30 January 2010

A Most Unusual Wedding Feast

I find the greatest stories are ones that have a similar, if not exact, likeness from parables and stories taken from the Word of God.

This story taken from The Boston Globe sounds suspiciously like Jesus' parable of the Great Feast (Luke 14:15-24). I believe that when we see it happen in our earthly modern day world, we can better clearly grasp the true scope of the significance of the story.

True Grace is best represented in the form of a Feast, because it is food for our soul, comes at a sacrifice to the giver, done without charge, undeserved, free, no strings attached, on the house, to those who do not deserve it, and to those who can never pay them back.

This Feast is reserved for you in Heaven...



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A Most Unusual Wedding Party
The Boston Globe
June 1990

Everything had been prepared, including the expensive wedding ring. Months before the wedding, the bride and the groom-to-be planned a great reception. The couple had gone to the Hyatt Hotel in downtown Boston and painstakingly picked out the menu, the china and silver, and even the flower arrangements that they liked. The bill came to $13,000, and for something like that, they had to leave a 50% down payment.

The next few months were spent on ironing out the remaining one thousand and one details: the immaculately-white wedding cake, the limousine, and of course, last-minute finishing touches on the wedding gown. Everyone was so excited.

Then the day the invitations were about to be sent out, the groom-to-be suddenly got cold feet and told his fiancĂ©e that he really wasn’t sure if he was ready. To make a long story short, the wedding was canceled, and the woman, our potential bride, as expected, was upset.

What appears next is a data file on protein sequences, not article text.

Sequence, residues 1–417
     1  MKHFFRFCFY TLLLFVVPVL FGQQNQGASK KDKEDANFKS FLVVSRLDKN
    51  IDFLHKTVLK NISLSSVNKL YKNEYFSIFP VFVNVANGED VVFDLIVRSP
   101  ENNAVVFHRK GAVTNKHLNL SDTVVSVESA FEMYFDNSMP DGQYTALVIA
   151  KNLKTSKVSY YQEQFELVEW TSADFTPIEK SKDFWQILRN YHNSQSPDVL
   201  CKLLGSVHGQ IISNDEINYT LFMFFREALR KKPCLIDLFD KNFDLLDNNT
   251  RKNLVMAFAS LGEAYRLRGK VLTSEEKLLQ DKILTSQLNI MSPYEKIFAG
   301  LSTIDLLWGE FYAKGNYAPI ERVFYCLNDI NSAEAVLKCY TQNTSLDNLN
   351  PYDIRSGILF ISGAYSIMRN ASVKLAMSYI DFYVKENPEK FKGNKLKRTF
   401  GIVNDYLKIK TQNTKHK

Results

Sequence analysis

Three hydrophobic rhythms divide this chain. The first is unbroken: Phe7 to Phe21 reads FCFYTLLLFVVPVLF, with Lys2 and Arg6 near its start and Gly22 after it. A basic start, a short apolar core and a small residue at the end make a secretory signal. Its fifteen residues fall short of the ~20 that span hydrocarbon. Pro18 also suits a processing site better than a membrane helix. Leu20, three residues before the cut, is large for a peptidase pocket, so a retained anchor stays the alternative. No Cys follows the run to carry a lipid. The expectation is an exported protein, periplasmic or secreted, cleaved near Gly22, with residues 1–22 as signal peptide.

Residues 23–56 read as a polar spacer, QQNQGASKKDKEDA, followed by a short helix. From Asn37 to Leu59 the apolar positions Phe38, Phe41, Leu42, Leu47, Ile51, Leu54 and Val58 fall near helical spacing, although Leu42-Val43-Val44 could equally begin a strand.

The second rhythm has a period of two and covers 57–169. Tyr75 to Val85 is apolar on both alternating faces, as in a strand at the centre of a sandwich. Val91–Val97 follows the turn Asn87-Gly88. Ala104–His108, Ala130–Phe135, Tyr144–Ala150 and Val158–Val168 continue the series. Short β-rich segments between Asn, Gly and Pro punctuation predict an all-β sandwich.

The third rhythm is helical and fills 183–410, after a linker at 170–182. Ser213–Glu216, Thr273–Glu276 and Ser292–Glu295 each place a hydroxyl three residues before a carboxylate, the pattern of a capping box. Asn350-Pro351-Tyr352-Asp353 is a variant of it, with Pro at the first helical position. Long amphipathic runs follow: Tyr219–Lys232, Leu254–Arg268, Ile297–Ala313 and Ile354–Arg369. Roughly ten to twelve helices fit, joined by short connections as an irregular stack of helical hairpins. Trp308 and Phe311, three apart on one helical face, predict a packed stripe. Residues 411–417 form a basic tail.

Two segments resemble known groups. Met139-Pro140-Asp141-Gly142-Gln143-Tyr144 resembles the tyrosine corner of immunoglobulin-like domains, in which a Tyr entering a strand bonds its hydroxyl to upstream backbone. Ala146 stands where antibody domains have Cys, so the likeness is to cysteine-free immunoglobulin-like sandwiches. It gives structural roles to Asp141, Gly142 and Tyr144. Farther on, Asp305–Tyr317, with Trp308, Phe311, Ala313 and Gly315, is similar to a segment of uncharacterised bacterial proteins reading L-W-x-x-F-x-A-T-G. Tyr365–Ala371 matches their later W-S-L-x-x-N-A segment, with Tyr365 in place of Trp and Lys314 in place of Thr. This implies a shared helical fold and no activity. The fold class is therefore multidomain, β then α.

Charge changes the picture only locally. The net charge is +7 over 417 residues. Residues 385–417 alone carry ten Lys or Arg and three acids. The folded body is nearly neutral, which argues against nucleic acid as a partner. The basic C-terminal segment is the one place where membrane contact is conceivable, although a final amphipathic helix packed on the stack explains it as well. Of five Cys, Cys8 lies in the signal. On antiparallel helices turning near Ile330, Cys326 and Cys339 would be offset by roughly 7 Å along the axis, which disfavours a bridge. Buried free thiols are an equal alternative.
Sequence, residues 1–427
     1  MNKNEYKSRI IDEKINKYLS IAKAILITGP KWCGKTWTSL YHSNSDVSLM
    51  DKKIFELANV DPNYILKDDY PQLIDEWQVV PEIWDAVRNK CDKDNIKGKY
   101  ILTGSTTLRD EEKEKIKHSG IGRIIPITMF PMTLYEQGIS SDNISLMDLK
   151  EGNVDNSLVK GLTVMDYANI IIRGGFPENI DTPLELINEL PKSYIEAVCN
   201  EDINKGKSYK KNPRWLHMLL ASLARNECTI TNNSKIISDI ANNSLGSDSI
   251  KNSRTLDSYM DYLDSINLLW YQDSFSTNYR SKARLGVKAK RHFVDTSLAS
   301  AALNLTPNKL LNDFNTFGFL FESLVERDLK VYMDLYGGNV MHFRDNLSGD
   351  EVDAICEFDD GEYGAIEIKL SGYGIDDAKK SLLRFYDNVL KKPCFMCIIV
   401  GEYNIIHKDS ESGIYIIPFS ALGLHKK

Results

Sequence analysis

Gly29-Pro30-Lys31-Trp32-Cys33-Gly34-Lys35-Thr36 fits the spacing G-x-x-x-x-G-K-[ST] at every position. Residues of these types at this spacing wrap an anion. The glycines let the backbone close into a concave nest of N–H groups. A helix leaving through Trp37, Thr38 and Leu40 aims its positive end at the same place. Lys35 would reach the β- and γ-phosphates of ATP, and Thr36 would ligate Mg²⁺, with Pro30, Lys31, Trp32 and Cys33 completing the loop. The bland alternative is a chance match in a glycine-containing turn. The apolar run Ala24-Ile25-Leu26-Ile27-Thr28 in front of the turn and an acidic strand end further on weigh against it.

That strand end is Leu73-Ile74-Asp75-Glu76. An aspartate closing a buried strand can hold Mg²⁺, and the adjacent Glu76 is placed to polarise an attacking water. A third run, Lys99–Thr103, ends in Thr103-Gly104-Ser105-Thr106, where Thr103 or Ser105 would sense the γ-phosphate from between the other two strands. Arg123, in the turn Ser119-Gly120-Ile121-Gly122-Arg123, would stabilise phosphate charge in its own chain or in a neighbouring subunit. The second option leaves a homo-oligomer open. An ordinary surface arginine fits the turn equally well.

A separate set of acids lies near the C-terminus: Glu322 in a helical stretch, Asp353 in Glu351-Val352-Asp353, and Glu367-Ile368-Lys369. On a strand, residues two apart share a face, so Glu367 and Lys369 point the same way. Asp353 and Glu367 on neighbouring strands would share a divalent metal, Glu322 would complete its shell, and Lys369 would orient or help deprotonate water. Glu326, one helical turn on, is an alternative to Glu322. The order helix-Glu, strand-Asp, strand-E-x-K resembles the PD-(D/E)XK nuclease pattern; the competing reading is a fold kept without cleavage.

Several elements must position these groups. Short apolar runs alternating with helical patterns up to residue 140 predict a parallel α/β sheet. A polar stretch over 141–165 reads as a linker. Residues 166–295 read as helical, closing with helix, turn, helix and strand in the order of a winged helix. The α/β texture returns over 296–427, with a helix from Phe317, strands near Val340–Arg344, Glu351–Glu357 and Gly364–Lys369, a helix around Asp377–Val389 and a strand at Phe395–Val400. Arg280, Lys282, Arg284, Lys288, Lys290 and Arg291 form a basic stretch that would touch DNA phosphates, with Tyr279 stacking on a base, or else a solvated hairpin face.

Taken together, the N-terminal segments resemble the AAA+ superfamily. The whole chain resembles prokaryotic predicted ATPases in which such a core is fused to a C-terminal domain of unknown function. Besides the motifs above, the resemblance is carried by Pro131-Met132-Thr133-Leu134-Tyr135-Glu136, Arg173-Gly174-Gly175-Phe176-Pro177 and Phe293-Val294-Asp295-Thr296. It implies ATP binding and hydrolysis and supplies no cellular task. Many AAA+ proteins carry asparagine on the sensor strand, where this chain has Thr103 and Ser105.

To make matters worse, her ex-fiancĂ© disappeared altogether from the scene, leaving her the painful task of canceling all previous arrangements, including the wedding party. As if things were not bad enough, when she went to the Hyatt to cancel the reception, the Events Manager shook her head sympathetically and told her, “The contract is binding. You’re only entitled to $1,300 back. You have two options: to forfeit the rest of the down payment, or go ahead with the banquet. I’m sorry.”
Guess what the bride decided to do? She decided to go ahead with the party—not a wedding party, of course, but a big blow-out. She had the wild notion of inviting not her family and friends, but the poor people of Boston! So she invited the aging from the nursing homes—and still not content with that, she also sent out invitations to rescue missions and homeless shelters! Her friends, of course, thought she had gone out of her mind. “Are you crazy?” they told her, “throwing a party that’s free for all?!” “Yup,” she quipped, “all in honour of the groom.”

And so in June of 1990, the Hyatt Hotel in downtown Boston hosted a party unlike any other held there before. The homeless came; the elderly were wheeled in from their nursing homes. People who were used to picking up half-gnawed pizza from trash bins feasted instead on chicken cordon bleu. Hyatt waiters in tuxedos served champagne to senior citizens in wheelchairs and aluminum walkers. Bag ladies, drug addicts, and beggars took the night off from the streets of downtown Boston, relished the wedding cake, and danced in the most unusual wedding party of all.

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